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First Look

The R5 has returned: meet the all-new, all-electric £25k Renault 5 E-Tech

Renault's classic small car returns for the electric age, complete with a baguette holder

Published: 26 Feb 2024

This is the new Renault 5 E-Tech and it might just have the single greatest optional extra ever. A ‘porte baguette’ to hold your favourite tubular loaf and stop it shedding crumbs all over your car. It’s a masterstroke in sucking the seriousness out of a new car launch and simultaneously confirming that the new 5 is as french as a Édith Piaf chain-smoking Gauloises in a bathtub full of unnecessarily smelly cheese.

“That was [Renault CEO] Luca de Meo’s idea,” says design boss Gilles Vidal. “It’s funny, we often think he could be a designer. We thought about putting a beret on the headrests, but that was a bit much.”

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In simple terms the 5 is a new B-segment electric supermini, a replacement for the Zoe that ensnared cost-conscious EV adopters, but not hearts and minds. It’s also the beginning of Renault lighting the retro EV afterburners with E-incarnations of the 4 and Twingo coming down the pipe. All we know is it’s barely changed from the 2021 concept that melted our hearts with rose-tinted memories (if you’re of a certain age) and made you raise an eyebrow (if you’re whippersnapper looking to go electric). It will cost from just £25k when it goes on sale early next year and we want one already. With a baguette sheath.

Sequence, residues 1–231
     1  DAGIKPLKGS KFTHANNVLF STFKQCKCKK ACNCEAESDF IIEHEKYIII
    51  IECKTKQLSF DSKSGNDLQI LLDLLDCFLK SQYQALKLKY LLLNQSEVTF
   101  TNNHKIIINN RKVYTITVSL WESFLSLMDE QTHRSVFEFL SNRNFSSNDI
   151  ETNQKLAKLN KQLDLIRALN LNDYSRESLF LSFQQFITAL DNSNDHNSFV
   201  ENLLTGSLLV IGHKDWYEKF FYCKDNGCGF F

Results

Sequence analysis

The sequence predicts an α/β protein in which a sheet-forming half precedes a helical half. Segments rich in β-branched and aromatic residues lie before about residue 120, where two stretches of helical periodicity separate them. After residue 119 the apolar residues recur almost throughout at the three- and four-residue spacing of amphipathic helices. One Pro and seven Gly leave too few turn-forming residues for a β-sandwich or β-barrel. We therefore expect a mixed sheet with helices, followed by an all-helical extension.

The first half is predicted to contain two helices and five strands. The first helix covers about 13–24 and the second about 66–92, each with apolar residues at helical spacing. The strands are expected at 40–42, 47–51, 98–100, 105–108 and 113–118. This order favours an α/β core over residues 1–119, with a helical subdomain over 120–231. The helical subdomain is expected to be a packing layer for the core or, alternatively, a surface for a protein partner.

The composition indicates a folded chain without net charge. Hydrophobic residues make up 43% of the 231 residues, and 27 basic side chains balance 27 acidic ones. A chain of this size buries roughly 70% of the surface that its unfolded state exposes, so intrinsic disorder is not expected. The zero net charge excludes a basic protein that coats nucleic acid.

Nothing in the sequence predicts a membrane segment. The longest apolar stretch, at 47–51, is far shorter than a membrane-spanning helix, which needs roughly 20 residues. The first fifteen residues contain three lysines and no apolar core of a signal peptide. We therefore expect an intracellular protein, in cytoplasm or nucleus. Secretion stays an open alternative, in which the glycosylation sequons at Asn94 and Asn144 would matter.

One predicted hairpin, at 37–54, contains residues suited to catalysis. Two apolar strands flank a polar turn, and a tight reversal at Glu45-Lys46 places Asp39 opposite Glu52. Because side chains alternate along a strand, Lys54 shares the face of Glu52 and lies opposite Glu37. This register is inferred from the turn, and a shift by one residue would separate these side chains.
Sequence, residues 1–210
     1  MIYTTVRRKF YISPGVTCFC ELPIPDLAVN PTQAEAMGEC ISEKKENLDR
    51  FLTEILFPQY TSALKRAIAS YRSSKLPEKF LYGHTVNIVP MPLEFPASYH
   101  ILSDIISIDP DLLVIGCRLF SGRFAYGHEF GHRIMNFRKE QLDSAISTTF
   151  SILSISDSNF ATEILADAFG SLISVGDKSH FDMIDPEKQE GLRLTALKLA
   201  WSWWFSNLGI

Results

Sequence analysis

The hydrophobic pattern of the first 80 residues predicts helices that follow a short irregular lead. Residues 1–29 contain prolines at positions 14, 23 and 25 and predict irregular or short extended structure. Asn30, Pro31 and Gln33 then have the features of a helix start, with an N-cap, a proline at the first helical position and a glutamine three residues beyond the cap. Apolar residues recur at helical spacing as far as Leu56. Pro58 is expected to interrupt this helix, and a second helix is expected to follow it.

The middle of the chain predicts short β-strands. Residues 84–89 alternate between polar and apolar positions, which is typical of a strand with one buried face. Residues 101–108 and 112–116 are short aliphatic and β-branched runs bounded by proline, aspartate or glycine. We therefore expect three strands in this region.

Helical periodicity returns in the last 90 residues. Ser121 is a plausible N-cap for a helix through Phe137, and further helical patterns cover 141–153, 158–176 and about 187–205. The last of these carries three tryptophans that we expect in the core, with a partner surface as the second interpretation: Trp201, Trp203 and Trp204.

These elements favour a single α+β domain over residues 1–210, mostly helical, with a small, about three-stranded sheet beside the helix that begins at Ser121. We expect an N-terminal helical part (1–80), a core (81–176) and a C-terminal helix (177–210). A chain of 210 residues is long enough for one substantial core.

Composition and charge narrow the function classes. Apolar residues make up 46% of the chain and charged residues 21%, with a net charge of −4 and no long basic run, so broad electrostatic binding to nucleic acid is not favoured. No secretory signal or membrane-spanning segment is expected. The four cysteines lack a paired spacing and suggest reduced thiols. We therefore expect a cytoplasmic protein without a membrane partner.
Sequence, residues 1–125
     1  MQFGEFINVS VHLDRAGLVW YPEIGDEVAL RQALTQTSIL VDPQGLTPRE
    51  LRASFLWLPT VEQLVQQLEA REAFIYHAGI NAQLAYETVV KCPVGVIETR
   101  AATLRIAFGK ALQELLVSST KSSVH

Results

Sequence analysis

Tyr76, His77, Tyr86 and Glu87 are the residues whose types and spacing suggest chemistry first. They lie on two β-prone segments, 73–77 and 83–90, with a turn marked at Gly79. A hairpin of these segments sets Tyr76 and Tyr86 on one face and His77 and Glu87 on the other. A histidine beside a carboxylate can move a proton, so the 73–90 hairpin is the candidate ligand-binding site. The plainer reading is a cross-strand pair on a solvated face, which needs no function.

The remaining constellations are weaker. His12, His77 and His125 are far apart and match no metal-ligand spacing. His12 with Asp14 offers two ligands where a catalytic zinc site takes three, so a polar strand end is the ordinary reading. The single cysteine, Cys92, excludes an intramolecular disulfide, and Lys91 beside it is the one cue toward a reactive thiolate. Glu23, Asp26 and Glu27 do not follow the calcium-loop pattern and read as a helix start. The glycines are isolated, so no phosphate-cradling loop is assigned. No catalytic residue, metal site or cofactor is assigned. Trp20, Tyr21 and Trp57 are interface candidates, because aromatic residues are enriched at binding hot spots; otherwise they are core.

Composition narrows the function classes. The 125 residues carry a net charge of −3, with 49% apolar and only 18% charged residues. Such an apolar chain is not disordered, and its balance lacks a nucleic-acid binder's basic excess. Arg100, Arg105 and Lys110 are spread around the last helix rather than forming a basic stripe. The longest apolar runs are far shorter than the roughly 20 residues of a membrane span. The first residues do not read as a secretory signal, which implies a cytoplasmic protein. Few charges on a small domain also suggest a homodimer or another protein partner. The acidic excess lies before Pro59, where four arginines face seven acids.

Based on a new AmpR Small (formerly CMF-B EV) platform, it shares a front axle with the Clio and Captur, but the multi-link rear suspension is a rare treat in this class and benefits not just handling but makes more space for the battery. A short steering ratio and a tight turning circle of 10.3 metres should guarantee le nippiness.

Three power outputs are available, all single motor (20kg lighter than the Zoe’s e-motor) and front-wheel drive: 148bhp (181lb ft torque, 0-62mph in under 8 secs, top speed 93mph), 118bhp or 94bhp… although the latter probably won’t be offered in the UK.

You’ll have the pick of two battery sizes too - 52kWh for a range of around 249 miles and 40kWh for a range of circa 186 miles. Max DC charging speed is 100kW, or 30 mins from 15 to 80 per cent. Weight? Around 1,450kg for the 52kWh version, 100kg less for the smaller battery and, rather bizarrely, you can order it with a tow bar for pulling up to 500kg. Ideal if you have a Hobbit-sized caravan.

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It also has bidirectional AC charging, which means if you purchase Renault’s special home wall box and sign up to a specific energy contract, then you could use your plugged-in R5 as a power bank to charge when energy’s cheap and sell it back to the grid when demand is high. Result: potentially significant savings on your energy bill, and who doesn’t like the sound of that?


Renault claims the production car is 95 per cent faithful to the concept (how the hell do you measure that?). Wing mirrors and door handles are more bulbous, as per regulations, the squircle LEDs in the front bumper have a broken outline rather than a continuous one (a motif repeated on the air vents inside) and a battery indicator panel has been added on the bonnet - inspired by the R5 Turbo’s vent and originally intended to be the charging port, before Renault realised that would be annoying. And that’s about it, honestly, even the squat dimensions with short overhangs, longish wheelbase and 3.92m overall length (longer than a Twingo, shorter than a Clio) are within mm of the showcar.